Jacquetta Trasler from McGIll University (Montreal, QC, Canada) described her work on DNA methylation and paternal folate. Low levels of paternal folate result in altered sperm epigenome with increased negative pregnancy outcomes. Even a minor change in methylation may have severe consequences. Typically, the sperm methylome is very stable between individuals and over time. Of interest is MTHFR in the folate pathway – a common polymorphism is associated with decreased sperm activity and some infertility. Using a mouse model, Dr. Trasler and her team have observed DNA hypomethylation following folate supplementation in wildtype and Mthfr deficient mice. Over generations, there were lower numbers of sperm in F1 mice, with F2 mortality.
Richard Pilsner from University of Massachusetts Amherst shared his work on advanced paternal age. Dr. Pilsner’s lab addresses how paternal age may be associated with development and DNA methylation in sperm. To do this, he launched the Sperm Environmental Epigenetics and Development Study (SEEDS). Through this study, Dr. Pilsner found increases in age correlated with decreased fertility and decreased embryo quality. There is increased DNA methylation with age, and Richard suggests that just 10 CpGs could explain up to 94% of the variance with age, while 20 CpG sites are sufficient to accurately predict age.
Serge McGraw from Université de Montréal (Montreal, QC, Canada) explained his work on early embryonic alcohol exposure. With ethanol injection at just the 8-cell stage, Dr. McGraw was able to see lasting changes in DNA methylation via RRBS in the forebrain and placenta at embryonic day 10.5. By embryonic day 18.5, even more damage has accumulated in a sex-specific manner.
Cellular signalling through the histone code
Tatiana Kutateladze from the University of Colorado discussed the massive number of epigenetic readers of histone modifications. Specifically, she focused on PHD fingers that bind to specific histone modifications. She unravelled some of the complexity of binding, with multiple sequential reader domains required or combinatorial bivalent interactions that her lab has described.
Jean-Francois Couture from the University of Ottawa (Ottawa, ON, Canada) introduced his work on posttranslational modification of histones – specifically the SET1 family of lysine methyltransferases. With many disease associations, particularly cancer, with complex associated with SET1 (COMPASS), Dr. Couture has found that catalytic activity of SET 1 requires various COMPASS support proteins essential for histone methylation activity.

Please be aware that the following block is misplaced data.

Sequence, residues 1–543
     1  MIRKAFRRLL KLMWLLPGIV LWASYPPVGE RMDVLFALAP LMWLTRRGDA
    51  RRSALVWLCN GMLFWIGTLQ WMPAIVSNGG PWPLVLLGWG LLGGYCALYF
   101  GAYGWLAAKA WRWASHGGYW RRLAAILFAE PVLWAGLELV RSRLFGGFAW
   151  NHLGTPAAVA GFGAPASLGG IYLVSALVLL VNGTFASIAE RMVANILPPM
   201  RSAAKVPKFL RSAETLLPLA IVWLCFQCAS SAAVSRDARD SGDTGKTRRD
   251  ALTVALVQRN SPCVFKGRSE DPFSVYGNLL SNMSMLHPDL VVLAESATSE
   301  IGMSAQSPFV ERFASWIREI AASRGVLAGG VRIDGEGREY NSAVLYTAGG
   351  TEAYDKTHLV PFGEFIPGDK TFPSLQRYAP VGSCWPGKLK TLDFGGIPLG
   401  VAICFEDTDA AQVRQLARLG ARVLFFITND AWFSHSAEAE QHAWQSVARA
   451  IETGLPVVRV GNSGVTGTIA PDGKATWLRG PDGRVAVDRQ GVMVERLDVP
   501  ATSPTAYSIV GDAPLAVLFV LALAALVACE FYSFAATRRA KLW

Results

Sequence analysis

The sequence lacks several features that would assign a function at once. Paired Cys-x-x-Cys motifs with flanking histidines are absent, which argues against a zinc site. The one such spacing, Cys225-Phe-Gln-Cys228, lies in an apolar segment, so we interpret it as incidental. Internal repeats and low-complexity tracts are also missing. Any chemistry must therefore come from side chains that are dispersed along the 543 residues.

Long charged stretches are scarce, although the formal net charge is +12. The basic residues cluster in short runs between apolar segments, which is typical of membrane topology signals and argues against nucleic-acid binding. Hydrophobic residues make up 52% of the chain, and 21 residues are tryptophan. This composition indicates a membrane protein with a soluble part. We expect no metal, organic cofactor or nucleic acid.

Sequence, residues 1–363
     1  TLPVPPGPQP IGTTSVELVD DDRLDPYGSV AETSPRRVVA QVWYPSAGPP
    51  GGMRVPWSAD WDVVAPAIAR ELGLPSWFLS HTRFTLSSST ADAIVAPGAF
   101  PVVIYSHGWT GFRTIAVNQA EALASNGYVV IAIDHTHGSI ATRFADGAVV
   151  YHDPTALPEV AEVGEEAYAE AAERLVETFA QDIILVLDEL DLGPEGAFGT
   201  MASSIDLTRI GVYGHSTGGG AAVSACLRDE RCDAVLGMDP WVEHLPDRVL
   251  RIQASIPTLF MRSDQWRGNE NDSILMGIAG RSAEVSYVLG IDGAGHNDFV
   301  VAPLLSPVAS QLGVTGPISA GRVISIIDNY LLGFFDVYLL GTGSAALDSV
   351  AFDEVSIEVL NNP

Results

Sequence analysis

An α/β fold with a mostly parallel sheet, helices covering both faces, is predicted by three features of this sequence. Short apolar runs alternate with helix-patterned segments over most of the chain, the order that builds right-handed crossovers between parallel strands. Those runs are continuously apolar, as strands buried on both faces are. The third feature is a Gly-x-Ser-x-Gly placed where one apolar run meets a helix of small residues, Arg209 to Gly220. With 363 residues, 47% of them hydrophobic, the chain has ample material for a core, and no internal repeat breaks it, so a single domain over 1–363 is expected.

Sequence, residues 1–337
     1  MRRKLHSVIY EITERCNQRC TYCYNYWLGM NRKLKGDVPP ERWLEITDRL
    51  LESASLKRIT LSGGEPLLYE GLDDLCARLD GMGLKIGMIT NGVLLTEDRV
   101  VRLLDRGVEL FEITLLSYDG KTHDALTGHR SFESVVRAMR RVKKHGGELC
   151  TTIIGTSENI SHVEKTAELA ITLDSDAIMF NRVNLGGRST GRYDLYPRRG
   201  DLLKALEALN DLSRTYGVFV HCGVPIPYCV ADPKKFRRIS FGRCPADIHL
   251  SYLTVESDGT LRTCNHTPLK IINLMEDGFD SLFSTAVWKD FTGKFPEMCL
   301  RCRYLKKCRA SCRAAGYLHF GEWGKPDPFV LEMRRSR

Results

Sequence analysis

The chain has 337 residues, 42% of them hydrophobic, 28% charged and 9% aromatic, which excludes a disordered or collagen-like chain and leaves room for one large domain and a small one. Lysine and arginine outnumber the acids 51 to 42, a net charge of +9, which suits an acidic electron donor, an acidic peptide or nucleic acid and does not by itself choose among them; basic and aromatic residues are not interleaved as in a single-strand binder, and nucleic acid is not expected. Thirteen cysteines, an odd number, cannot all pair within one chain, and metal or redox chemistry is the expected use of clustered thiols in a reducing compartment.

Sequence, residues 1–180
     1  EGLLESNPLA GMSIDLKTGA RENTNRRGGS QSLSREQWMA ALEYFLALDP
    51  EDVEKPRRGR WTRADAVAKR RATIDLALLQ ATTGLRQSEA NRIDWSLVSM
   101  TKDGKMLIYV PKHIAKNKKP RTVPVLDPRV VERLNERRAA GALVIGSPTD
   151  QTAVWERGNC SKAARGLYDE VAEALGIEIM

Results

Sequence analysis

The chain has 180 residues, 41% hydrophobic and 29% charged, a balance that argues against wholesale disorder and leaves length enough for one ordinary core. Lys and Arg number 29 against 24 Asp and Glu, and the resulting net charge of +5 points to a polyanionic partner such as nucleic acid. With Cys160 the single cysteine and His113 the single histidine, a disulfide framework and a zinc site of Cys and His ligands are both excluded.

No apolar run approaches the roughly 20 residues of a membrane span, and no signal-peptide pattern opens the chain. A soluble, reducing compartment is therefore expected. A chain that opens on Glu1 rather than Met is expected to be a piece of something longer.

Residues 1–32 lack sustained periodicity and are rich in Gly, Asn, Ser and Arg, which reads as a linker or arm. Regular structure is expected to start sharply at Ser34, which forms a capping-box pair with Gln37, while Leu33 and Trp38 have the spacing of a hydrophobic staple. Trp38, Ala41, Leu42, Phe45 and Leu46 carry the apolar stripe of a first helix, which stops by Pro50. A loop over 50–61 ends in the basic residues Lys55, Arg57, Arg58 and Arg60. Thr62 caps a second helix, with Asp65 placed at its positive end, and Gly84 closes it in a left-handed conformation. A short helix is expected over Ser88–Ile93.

Simone Sidoli from Benjamin Garcia’s lab at the University of Pennsylvania shared their work on overlapping proteomic and metabolomics data for histone modification analysis. Dr. Sidoli discussed “bottom-up” mass spectrometry for histones to find rare posttranslational modifications. Additionally, Dr. Sidoli mentioned the ability to overlap ChIP-Seq and ATAC-seq data as a robust method to characterize histone modifications.
Mechanisms of epigenomic perturbation in disease
Rosanna Weksberg from The Hospital for Sick Children (Toronto, ON, Canada) introduced her pioneering work in DNA methylation and mendelian disorders. She described a range of intellectual disability syndromes linked to epigenes. Many genes associated with neurodevelopmental syndromes are genes involved with epigenetic regulation. For example, Sotos syndrome following NSD1 methyltransferase mutations. As a result, these patients see a massive loss of DNA methylation. Using methylation signatures from the 450K array, variants of unknown significance are confidently called as Sotos syndrome. Weaver syndrome is clinically like Sotos, but the Weksberg lab has been able to distinguish them based on the Sotos NSD1 signature, and a specific methylation signature in Weaver syndrome patients at EZH2, a histone lysine methyltransferase. Similarly, Kabuki and CHARGE syndromes have high clinical overlap, but have unique DNA methylations profiles, particularly KMTZD, a histone lysine methyltransferase, for Kabuki syndrome and CHD7, a chromodomain helicase DNA-binding protein, for CHARGE syndrome. Dr. Weksberg invited collaboration through patient data submissions to further characterize epigene mutations that require known pathogenic mutations and reliable phenotypic data.